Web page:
Measurement Instruments

The 12-item Chinese Health Questionnaire (CHQ-12) was used to evaluate the health of participants, and other outcome measures, such as meaning in life, perceived mattering, loneliness, and depression. Previous research [20] indicated that the use of the Chinese Health Questionnaire in older adults is as valid as in the general population. Meaning in life was associated with participants’ multilevel health. For example, Pinquart [21] found that meaning in life was positively associated with physical health, social interaction, and interpersonal relationships among older adults. Elliot et al [22] defined perceived mattering as “the degree of being valued by significant others.” It can be described as a kind of inner feeling that represents a 2-way interaction; the individual needs significant others to provide them with attention. A prior study [23] on loneliness found that loneliness could predict depression for up to 3 years. In addition, depression is one of the most common mental health problems among older adults [24]. While scoring each of the outcome variables, we reverse scored items with negative statements; thus, the directionality of all variables was consistent, and a higher number of points correlated with a better state of health for the participants.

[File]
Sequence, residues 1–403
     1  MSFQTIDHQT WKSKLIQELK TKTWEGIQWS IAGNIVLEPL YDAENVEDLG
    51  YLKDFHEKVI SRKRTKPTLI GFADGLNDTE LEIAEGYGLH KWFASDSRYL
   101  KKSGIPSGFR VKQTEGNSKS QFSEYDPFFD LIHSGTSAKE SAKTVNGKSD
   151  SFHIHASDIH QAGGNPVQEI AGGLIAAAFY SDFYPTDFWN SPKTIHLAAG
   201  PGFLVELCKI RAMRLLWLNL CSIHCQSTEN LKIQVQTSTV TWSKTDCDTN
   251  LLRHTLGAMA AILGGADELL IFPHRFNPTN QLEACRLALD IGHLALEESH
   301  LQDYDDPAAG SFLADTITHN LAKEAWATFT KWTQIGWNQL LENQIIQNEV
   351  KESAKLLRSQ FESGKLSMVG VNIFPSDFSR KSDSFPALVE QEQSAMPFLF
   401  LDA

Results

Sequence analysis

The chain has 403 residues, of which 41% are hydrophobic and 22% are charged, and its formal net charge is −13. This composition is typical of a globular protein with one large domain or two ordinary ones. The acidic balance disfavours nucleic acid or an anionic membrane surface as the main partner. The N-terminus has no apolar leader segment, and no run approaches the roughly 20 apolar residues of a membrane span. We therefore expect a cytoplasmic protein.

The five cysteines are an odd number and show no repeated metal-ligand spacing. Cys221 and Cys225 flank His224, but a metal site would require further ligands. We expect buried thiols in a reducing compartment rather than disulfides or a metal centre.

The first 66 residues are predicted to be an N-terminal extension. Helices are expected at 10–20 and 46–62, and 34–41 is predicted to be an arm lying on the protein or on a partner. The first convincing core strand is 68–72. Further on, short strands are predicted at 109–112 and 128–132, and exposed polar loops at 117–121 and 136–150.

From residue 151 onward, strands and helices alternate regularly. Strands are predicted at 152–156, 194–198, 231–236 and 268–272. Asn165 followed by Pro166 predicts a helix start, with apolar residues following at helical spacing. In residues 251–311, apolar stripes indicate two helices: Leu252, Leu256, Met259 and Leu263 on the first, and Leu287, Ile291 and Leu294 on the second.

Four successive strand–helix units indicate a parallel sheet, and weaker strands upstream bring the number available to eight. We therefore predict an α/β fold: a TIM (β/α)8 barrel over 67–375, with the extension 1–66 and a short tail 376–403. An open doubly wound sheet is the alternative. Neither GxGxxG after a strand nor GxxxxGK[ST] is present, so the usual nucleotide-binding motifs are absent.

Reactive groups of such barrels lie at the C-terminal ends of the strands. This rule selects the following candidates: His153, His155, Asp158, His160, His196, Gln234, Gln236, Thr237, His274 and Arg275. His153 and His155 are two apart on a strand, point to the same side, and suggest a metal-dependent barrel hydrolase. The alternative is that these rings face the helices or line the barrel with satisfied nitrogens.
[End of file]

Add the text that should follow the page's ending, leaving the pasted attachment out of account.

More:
To assess the health status of older adult participants, we used the 12-item Chinese Health Scale, which was developed by Cheng and Williams in 1986 [25] by translating the Goldberg General Health Questionnaire into Chinese. This scale consists of 12 Likert-type items that are scored from 3 (not at all) to 0 (more than usual). A sample item is “Feeling a headache or a sense of stress on the head?” The higher the score, the higher the level of general health. The Cronbach α coefficient was 0.83 in this study.

The meaning in life questionnaire was adapted from the Purpose in Life survey compiled by Frankl [26], and it consists of 9 Likert-type items. Each item is scored on a Likert-type scale from 1 (not at all) to 5 (very much), with higher scores indicating a higher level of perceived meaning in life. A sample item is “My life seems worthwhile.” The Cronbach α coefficient was 0.87 in this study.

Perceived mattering was adapted from the General Mattering Scale [27] and consists of 5 items. Each item was scored on a Likert-type scale of 1 (not at all) to 4 (very much) with higher scores indicating a higher level of perceived mattering. A sample item is “How important do you feel you are to other people?” The Cronbach α coefficient was 0.86 in this study.